The primary school my dd was at, took some of them to France. They didn't do a trip to France after that, citing bad behaviour by the kids. My dd, very quiet and well-behaved, told me that behaviour hadn't been bad on the trip. I believe her over the teachers, I feel it was just an excuse to get out of doing the trip.

Theas18 Fri 16-Nov-12 08:59:59

All the above re behaviour but my 2p re " levels and progress" at this stage.

In a state school it's pretty much impossible to demonstrate progress at the top of the ability range. If the asessments go up to 5A and that is what the child is getting in year 4 or 5 then they will seems tio have made " no progress" when they hit a 5A at end of key stage. Clearly this isn't the case but the formal monitoring (unless they now take the level 6 papers) just can't " bean count" higher up the scale. (you do the paper, get all the q right. no way to tell how much further you could have gone with a harder paper is there?)

Marni23 Fri 16-Nov-12 08:54:51

We had something similar in Y5. The teacher told any parent who would listen that this was the worst class (in behaviour terms) she had ever taught, that they were totally lacking in discipline etc etc. Pretty much everything you've said in your OP. Some parents were extremely worried about it, imposing sanctions at home and generally thinking that their previously largely well-behaved boy (the class was overwhelmingly boys) had turned into a delinquent overnight.

I was less concerned; the same teacher had taught my DD's class in Y5 and had said exactly the same things. As with DS's class, there had been no problems in previous years.

In both cases, the teachers they went on to have in Y6 had no problems and the way they described the DC you'd think they were totally different classes or had had personality transplants over the summer holidays.

In our case I think our particular Y5 teacher was a) pretty close to retirement and lacking the patience to deal with anything other than perfect children who behaved perfectly all the time and b) given to dramatic statements to make her point, which parents took literally.

I'm not saying that bad behaviour should be ignored, but do make sure that it's as bad as it's being made out before getting too upset.

Ihavenobum Fri 16-Nov-12 00:54:09

HMMM...very challenging class....Quite sure my YEAR at school was the most challenging, and Dh's, and older brothers, and younger sisters, come to think of it so is my Ds's.......must run in the family ;). Yet we will always have chats about the teachers who taught us well and they always seemed to be the ones who entertained us, very rarely raised their voices, let you go the loo without it being a massive issue, didn't need their pupils to be "pencils down-backs straight-arms folded-eyes facing front-do not breath!" and in return we had maximum respect and they had the same for us even though we were just children ;). See how he goes on after his swift kick up the butt, maybe the teacher and Ds just aren't a good fit?.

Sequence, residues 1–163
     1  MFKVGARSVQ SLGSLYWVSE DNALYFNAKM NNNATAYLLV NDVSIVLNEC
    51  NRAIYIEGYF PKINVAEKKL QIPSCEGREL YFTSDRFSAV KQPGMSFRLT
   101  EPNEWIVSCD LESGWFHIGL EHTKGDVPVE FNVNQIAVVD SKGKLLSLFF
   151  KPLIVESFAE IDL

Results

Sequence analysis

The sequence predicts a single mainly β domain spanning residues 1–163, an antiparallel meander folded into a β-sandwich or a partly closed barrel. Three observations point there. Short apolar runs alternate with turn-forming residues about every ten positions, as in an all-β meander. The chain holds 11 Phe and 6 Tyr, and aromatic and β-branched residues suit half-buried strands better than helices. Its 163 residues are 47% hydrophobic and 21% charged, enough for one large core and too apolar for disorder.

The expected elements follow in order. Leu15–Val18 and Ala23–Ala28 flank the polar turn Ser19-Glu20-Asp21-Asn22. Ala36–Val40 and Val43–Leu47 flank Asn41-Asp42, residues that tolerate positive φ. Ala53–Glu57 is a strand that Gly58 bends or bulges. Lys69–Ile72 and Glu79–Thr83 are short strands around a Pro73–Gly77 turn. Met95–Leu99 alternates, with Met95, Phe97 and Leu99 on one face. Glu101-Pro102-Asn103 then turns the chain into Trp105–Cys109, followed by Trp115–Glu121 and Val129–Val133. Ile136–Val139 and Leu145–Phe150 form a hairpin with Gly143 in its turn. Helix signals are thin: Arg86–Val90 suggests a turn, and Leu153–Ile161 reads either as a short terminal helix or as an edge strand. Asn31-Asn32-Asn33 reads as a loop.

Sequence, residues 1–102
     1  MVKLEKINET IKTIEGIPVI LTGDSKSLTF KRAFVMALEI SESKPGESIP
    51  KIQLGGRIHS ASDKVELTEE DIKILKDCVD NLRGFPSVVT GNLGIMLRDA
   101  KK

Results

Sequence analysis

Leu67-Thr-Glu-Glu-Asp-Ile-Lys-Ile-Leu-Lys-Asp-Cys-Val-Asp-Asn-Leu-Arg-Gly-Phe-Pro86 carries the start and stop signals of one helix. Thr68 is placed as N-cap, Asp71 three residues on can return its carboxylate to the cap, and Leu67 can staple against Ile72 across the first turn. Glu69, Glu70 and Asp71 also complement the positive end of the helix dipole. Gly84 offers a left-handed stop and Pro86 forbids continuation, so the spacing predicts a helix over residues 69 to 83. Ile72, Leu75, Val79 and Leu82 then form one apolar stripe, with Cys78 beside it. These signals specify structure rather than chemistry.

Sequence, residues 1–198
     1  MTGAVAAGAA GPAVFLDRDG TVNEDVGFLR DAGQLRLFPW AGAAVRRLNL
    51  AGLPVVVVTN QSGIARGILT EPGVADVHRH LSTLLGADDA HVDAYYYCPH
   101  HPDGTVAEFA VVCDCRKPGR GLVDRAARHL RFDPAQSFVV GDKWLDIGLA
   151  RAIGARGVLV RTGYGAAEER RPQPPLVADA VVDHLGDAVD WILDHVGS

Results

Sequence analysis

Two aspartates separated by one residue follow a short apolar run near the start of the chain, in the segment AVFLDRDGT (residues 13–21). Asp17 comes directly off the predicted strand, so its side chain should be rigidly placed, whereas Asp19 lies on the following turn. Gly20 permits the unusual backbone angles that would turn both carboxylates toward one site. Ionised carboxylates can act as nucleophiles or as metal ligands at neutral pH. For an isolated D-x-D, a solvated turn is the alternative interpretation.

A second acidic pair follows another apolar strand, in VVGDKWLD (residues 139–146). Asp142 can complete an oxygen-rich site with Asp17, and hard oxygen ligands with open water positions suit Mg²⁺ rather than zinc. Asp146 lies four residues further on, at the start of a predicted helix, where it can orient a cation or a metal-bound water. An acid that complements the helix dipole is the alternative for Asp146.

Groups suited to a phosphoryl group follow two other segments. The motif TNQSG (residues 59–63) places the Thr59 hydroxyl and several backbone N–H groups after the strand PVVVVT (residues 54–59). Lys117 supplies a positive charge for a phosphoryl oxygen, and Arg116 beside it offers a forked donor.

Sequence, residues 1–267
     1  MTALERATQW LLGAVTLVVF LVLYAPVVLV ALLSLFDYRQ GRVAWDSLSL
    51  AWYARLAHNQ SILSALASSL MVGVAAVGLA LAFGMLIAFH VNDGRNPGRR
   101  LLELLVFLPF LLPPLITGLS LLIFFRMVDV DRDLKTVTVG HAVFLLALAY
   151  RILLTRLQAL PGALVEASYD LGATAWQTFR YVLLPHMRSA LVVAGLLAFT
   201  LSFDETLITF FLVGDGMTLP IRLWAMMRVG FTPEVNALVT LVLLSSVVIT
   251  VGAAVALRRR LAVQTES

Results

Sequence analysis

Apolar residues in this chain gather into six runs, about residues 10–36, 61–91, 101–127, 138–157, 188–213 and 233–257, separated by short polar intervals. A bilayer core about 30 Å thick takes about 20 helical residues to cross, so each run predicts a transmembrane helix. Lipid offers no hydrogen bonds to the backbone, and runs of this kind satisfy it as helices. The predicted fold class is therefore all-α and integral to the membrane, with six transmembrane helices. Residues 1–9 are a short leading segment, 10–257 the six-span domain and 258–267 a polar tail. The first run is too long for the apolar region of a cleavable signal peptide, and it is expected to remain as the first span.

shinyblackgrape Thu 15-Nov-12 23:42:50

Hmmm - teacher may be having a hard time with no management support. Therefore a meeting with the headmaster would definitely be in order to ensure its brought to the relevant person's attention

learnandsay Thu 15-Nov-12 23:31:58

This isn't teacher-rant-net it's mumsnet.

jamdonut Thu 15-Nov-12 23:28:22

Once again the teacher gets blamed.
You obviously have no idea how soul destroying it is to have a class where the children have poor behaviour. I expect half her time, which ought to be spent on teaching, is spent instead on trying to get some semblance of behaviour for learning.
Even the best teachers can be flummoxed when all their tried and tested methods fail to work, and they don't know where to go with it next.
I'm sure she doesn't mean the entire class is bad, but the fact that there are some challenging children makes it feel like the class from hell. Sounds like she is having a very hard time,with maybe no support from management.

Flyonthewindscreen Thu 15-Nov-12 22:43:52

I told DS to apologise to the teacher also, I didn't think of suggesting a letter.

Flyonthewindscreen Thu 15-Nov-12 22:42:18

Thanks for all the replies. The teacher is a very experienced one, known for being tough. DS is a bit bored of the school and the limited friendship pool but that's no excuse for his behaviour.

I am annoyed with the teacher for not letting us know sooner that there was a problem, I am going to suggest a home/school report book with sanctions at home where necessary. Am also shock at the writing off of the whole class, many of whom I know are very bright non problem children.

mummytime Thu 15-Nov-12 21:40:05

I would want to see the Head with some urgency. If your son has such good scores, they should be preparing him for level 6 SATs. It very much sounds as if the teacher lacks control, and that your son is bright and maybe bored. I would also gently sound out other parents, are they all getting similar messages?
I think the teacher needs help. How experienced are they? If an NQT it could be they need support. Are they new to year 6?
I would also lay off your son a bit, until you know the full story.

Do work with the school to see what they suggest of behavious issues, but do also use something like a behaviour book to identify when he is misbehaving (or even if his behaviour is as bad as the teacher says).

mam29 Thu 15-Nov-12 21:19:46

Definatatly appointment with head.

Here we 2nd week back term 2
so 8weeks term one sept-half term

2weeks back

10weeks in total of new year 6 class.

Its early days to rite off whole class surly?

From what i read on primaries year 6 in some schools can be very boring and abouts sats prep.